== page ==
Tuesday, February 5, 2008

Could A Clinton/Obama Ticket Be Stopped?

Unless you're only a Republican in the vaguest possible sense - that is to say, a John McCain supporter - you must be beginning to get that sinking feeling in the pit of your stomach. You know, the same one you got in 2004 when you realized that Paul Martin was actually going to become Prime Minister of Canada. A lot depends on today's Super Tuesday results, of course, but it's looking more and more likely that McCain's going to be the candidate and, worse yet, that the veepee could be Huckabee. It's a disheartening prospect.

Through it all, there has been one great comfort felt on the right: the Democratic candidate is probably going to be Hillary Clinton. No matter what problems we have with the current direction of the GOP, a glance at the Democratic primaries gave us hope. Hillary Clinton is a socialist-cum-moderate who says things like "I have a million ideas; America can't afford them all" on the campaign trail. She's a figure of the institution in an election where the buzz word is change. She's as divisive as any Republican and her popularity is probably about equal to John Kerry's in 2004 but no greater. Whether it's McCain or Romney who gets the nod, chances are they'd have a good shot at beating her.

Although the momentum seems to favour Clinton, I don't mean to completely count out Obama. He has made - and is still making - an impressive run at it. Clinton has a large support base and the advantage of name recognition but the adulation thrown at Obama has proven time and again to be a force to be reckoned with. It's true that his experience is non-existent. And it's also true that his power is mostly as a symbol of that great and nebulous concept of change. "Change into what? Um. Who cares? Just change, okay!" But the power of what he represents has now become impossible to deny and, for Clinton, too dangerous to ignore.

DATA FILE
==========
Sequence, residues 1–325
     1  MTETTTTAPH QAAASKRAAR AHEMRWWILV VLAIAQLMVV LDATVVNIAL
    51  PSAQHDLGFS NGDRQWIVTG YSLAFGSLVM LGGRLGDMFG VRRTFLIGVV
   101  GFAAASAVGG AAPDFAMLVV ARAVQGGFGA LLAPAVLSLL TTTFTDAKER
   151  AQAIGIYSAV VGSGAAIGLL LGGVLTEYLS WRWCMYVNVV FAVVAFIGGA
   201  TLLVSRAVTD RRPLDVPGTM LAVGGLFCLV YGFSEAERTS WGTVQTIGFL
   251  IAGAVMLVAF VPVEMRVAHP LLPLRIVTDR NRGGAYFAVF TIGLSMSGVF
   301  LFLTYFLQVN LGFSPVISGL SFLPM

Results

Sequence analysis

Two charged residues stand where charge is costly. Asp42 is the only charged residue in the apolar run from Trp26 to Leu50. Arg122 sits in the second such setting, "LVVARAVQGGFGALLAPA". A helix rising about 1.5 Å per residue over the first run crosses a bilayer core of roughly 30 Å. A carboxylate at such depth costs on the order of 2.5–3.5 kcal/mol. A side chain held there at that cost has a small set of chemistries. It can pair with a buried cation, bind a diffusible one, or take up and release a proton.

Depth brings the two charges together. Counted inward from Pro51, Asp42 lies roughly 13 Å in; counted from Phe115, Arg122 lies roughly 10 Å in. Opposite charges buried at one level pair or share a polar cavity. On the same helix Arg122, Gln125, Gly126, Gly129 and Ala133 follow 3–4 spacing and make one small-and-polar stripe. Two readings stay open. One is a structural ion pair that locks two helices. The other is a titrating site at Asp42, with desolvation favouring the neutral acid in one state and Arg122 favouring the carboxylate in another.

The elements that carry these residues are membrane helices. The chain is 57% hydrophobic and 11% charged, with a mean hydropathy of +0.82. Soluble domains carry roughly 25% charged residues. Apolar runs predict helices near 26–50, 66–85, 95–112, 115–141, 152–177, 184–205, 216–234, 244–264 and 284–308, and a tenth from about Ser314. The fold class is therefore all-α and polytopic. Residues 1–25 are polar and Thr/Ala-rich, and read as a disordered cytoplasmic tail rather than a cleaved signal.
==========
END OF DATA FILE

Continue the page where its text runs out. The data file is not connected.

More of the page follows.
So, for all these reasons, I wasn't all that surprised to hear that Clinton strategists are beginning to say that Obama would "absolutely" be considered as a running mate if Hillary gets the nomination. The animosity between these two had put me at ease heretofore but the possibility of a Clinton/Obama ticket, something I consider to be increasingly likely now that they're beginning to make nice, cannot be dismissed out of hand. Against John McCain and the inevitably divided conservative base that would accompany his nomination, it's hard to find an angle that doesn't point to a Democratic landslide. When even Ann Coulter says she'll vote for Hillary over McCain, you know the Republicans are going to have trouble satisfying the base.

With Clinton and Obama on the same ticket, we're beginning to enter nightmare scenario territory; 16 years of Democrats in the White House. Consider it. In the general election, Hillary would likely match Kerry's performance in 2004 and pick up the usual blue states but Obama's name on the ballot would almost certainly be enough to keep and gain most of the swing states like New Mexico, New Hampshire, and Iowa. His popularity among independents and the power of his "change" message has already proven effective in most of these states.

There's that sinking feeling again.

The more I mull it over, the more sense it seems to make for the Democrats. Is the Clinton/Obama ticket as likely as I think it is? Roland Martin offers some pretty persuasive reasons to think it'll never happen, but I'm still not convinced.

We've all had fun watching Obama and Clinton snipe at each other. There's clearly no love lost between these two. But how far are they willing to go to keep a Republican out of the White House?

I can't be the only one who thinks the answer is "as far as necessary".

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